I was pretty excited to hear that Tim Lawrence and Jeremy Gilbert have started a new podcast, Love is the Message. Tim is the great cultural historian of disco with his books on The Loft, Arthur Russell and early 1980s New York, while Jeremy co-hosts one of my favourite podcasts, ACFM on Novara Media which looks at the weird/pyschedelic left.
They describe the new podcast as follows:
'Love is the Message: Music, Dance & Counterculture is a new show from Tim Lawrence and Jeremy Gilbert, both of them authors, academics, DJs and dance party organisers. Tune in, Turn on and Get Down to in-depth discussion of the sonic, social and political legacies of radical movements from the 1960s to today. Starting with David Mancuso's NYC Loft parties, we’ll explore the countercultural sounds, scenes and ideas of the late 20th and early 21st centuries. ”There’s one big party going on all the time. Sometimes we get to tune into it.” The rest of the time there’s Love Is The Message'
In the introductory episode they talk a lot about David Mancuso and his famous Loft parties which they see as a bridge between the counter-culture of the late 60s/early 70s and the emergence of disco not just as a music but as a new way of being on the dancefloor. As Lawrence describes it in the show, when Mancuso moved to New York he was 'heavily committed to the ideas that were fermenting around civil rights, around gay liberation, around the feminist movement of course the anti war movement and he also got interested in experimenting with LSD... it was very much the idea that the party could become a manifestation of these energies. It had become dangerous to go out on the street, anti-war protestors were getting killed by the state for protesting against the Vietnam war. There was this idea that the dancefloor space, that intimate private space could also function as a safe space, as a refuge where these energies could be cultivated, could be nurtured, could be given freedom to explore themselves'.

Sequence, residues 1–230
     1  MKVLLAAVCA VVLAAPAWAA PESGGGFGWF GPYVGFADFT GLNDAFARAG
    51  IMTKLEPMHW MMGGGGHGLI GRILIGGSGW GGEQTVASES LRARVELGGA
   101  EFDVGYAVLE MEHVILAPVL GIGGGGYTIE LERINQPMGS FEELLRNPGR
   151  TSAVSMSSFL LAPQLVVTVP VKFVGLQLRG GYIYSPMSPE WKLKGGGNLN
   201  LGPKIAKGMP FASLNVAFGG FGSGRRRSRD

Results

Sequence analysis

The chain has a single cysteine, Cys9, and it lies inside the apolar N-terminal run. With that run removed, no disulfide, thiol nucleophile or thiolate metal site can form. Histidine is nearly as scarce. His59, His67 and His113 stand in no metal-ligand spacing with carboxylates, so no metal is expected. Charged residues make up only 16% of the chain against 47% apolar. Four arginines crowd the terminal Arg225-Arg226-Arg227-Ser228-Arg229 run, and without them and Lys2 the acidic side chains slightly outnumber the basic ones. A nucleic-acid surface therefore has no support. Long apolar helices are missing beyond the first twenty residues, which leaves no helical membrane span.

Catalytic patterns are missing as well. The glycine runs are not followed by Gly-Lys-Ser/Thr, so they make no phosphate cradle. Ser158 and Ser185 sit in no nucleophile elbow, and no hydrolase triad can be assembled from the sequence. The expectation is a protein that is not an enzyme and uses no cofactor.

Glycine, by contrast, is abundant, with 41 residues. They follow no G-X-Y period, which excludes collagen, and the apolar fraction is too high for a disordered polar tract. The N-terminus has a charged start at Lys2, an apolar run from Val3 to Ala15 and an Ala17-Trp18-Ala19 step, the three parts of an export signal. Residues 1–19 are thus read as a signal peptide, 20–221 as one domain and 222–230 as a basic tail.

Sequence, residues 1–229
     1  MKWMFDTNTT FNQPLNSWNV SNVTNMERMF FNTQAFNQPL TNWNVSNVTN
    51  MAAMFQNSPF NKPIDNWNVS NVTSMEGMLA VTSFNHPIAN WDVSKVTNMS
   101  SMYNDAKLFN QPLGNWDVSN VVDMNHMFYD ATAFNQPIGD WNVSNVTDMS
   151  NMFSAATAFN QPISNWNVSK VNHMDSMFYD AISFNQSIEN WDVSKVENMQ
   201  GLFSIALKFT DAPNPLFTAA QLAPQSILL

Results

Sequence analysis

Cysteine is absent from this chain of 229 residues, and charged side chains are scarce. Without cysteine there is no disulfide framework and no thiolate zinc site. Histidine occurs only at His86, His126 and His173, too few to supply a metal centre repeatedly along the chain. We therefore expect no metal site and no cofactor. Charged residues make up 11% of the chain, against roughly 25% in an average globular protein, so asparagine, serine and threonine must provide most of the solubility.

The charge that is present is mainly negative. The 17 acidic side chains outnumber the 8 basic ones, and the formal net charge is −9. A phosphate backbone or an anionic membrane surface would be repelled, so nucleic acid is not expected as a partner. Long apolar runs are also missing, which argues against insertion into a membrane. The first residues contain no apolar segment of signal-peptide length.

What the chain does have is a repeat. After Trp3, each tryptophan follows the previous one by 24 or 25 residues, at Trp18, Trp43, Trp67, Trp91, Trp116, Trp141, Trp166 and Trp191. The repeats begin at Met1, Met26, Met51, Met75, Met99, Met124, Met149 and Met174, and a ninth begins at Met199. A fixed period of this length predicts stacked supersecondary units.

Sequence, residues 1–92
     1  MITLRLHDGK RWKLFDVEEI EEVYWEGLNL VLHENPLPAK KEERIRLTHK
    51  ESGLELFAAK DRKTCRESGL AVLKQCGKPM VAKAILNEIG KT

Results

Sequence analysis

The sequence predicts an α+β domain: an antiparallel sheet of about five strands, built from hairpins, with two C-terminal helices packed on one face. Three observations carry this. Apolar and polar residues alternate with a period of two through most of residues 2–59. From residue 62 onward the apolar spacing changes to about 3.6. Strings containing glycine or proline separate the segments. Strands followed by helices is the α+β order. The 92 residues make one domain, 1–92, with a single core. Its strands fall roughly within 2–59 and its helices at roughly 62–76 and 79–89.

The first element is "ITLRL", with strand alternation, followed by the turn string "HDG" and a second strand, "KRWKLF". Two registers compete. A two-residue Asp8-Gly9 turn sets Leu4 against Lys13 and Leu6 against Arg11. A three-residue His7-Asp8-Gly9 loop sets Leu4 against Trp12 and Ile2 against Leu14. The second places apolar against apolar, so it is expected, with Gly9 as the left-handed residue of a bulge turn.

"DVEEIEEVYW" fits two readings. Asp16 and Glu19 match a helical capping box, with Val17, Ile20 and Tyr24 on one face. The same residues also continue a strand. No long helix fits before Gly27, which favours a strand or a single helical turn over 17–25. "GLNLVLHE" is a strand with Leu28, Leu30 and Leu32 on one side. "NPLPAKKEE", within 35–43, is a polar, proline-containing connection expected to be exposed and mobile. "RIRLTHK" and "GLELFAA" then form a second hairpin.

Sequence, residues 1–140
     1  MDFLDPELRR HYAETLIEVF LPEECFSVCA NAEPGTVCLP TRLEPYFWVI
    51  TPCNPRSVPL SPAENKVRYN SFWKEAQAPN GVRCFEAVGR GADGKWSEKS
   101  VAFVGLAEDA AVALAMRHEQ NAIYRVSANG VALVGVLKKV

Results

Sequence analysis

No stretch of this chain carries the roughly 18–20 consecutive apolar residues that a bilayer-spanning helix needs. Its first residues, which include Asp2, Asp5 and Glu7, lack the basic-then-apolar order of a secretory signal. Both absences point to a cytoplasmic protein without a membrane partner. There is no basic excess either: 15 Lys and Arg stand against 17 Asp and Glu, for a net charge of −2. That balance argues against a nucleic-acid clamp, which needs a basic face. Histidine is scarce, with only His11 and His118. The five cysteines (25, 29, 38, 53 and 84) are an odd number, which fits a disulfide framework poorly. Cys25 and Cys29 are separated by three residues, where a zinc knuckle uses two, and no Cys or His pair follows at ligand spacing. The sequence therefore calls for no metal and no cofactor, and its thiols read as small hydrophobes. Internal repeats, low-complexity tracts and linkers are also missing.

Of course there had been 'discotheques' through the 1960s but these were primarily heterosexual courting spaces with short songs and regular breaks for slow dances and trips to the bar. The focus was not on losing yourself in the music and the crowd. Lawrence describes The Loft as a an experiment where Mancuso used longer, percussive tracks as part of 'setting up the parameters, exploring the outer limits of what happens when you take the dancefloor, you turn it into a space of openness, of possibility, of exploration, of transformation, where there are no clear cut limits being set... using the neutral space of the floor as a space where the rules were taken away and people were allowed to enter it and redefine the set of the rules. The grand experiment was what happens when you start to bring a different form of music into this setting and you let the music take you somewhere, you let it drive the space'.
Lawrence and Gilbert are not just theoreticians of this sort of stuff but actually put on parties with Mancuso before his death in 2016, so expect to hear a lot more about this in future episodes.